The 3rd United States Colored Troops The 3rd United States Colored Troops - Regimental Flag Front

Ever since a childhood visit to the Gettysburg battlefield, Katherine has maintained and nurtured an interest in the Civil War. That affection carried through until the 1990s when, while engaged in undergraduate studies, she received several boxes of family letters and other documents, including a diary dating from 1851.

Monday, January 28, 2013, 7 P.M., at the meeting of the Abner Doubleday Civil War Round Table in the Upper Susquehanna Cultural Center, State Highway 28, Milford, NY 13807.

Sunday, February 3, 2013, 1:30 P.M. at the Grand Army of the Republic Museum & Library, 5278 Griscom Avenue, Philadelphia, Pa. 19125. Call (215) 289-6484.

In observance of Black History Month, a perspective on white officers in a black regiment will be presented in two talks by Katherine Hawkins, a historian of the 3rd Regiment USCT.

The presentations are titled, "Third Regiment United States Colored Troops: Fatherly Guidance or Paternal Abandonment?"

With standards set high for white officers leading black soldiers, a paternalistic attitude prevailed. Considering these and additional factors, including the exigencies of the service, officers' conduct, and varying levels of discipline regarding enlisted men, where these standards maintained, was the tragic denouement to the regiment's honorable service inevitable or preventable, and where does responsibility rest?

Ms. Hawkins is a member of both the GAR Museum & Library and the Abner Doublday CWRT. She is also an honorary member of the 3rd USCT Reenactors, and is writing a book on the regiment.

Note, also, that her article, "1st Lt. William Eliot Furness, 3rd USCT: A young attorney advances," is expected to be published in the January 2013 newsletter of the GAR M&L.

Knowing that her great-grandfather had served in that war, as had four great-granduncles, Katherine began delving into the military record of Lewis Merwin Hobbs, the Chaplain of the 3rd U.S. Colored Troops. This initial research opened new avenues of investigation leading to a full examination of the regiment itself and its individual members.

While Reverend Hobbs did not join his regiment until December 1863, he did journey to the Gettysburg battlefield in the summer of 1863. Carrying supplies to the wounded as part of the Christian Mission Society, Lancaster County, Pennsylvania, branch, he also found time to roam the fields of carnage.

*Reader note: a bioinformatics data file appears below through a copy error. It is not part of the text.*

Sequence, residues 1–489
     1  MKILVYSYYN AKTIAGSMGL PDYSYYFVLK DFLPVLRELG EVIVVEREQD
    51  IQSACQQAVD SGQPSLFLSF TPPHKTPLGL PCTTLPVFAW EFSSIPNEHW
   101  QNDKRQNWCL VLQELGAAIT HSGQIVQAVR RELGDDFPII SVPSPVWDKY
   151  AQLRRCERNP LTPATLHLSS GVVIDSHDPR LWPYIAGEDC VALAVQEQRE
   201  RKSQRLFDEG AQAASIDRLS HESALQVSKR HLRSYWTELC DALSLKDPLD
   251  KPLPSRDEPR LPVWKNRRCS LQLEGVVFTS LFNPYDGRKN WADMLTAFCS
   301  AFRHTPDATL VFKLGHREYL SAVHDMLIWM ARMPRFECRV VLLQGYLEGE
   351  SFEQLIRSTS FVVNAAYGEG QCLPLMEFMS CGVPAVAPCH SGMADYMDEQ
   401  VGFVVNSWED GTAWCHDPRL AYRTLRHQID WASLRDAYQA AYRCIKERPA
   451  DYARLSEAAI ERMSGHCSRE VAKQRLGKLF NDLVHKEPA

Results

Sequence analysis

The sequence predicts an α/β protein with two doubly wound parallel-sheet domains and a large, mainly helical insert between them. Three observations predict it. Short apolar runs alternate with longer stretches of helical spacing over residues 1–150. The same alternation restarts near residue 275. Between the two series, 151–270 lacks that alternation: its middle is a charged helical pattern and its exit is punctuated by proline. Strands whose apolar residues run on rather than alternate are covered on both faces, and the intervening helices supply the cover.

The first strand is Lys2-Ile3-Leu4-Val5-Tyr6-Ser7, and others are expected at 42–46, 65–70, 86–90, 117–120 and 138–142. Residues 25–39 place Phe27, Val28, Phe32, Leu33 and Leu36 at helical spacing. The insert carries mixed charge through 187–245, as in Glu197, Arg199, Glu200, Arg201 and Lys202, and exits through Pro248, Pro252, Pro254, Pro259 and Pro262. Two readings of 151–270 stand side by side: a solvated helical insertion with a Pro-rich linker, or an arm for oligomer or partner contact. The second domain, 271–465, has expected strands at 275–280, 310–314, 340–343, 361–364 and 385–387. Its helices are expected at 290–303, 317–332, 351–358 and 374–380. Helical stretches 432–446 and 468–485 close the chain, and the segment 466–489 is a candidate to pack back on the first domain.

"I was there three days, one week after the battle," Hobbs said. In an 1895 letter to his youngest son, he described how dead soldiers still occupied trenches, and decaying horses by the hundreds lay about. He said, "the stench was awful."

Thousands of wounded soldiers, both Union and Confederate, were quartered in churches, houses, barns and tents. The scene, he wrote thirty years later, "is indelible in my mind."

Though it is unlikely he ever saw Gettysburg after that, he wrote that he had "often desired to revisit it."

Katherine's undertaking the writing of the 3rd U.S. Colored Troops is to honor her great-grandfather and those with whom he served.

It is hoped this regimental history will help observe the 150th Anniversary of the Third's organization and mustering in the summer of 1863.

With the necessary research nearly completed--as if research is ever so--the writing has begun.

It is expected that the book will comprise three main sections: One, the history of the regiment; two, biographies of nearly 60 officers; and three, biographies of approximately 650 enlisted men.

The book's lesser sections will include the requisite preface, introduction, endnotes, appendices, bibliography, index, and acknowledgments.

Pertinent photographs will also be presented. Additionally, a chapter of Errata will address the serious historical errors relating to the regiment found in previously published works.

34 State U.S.A. Flag - 1863 The 3rd United States Colored Troops - Regimental Flag Back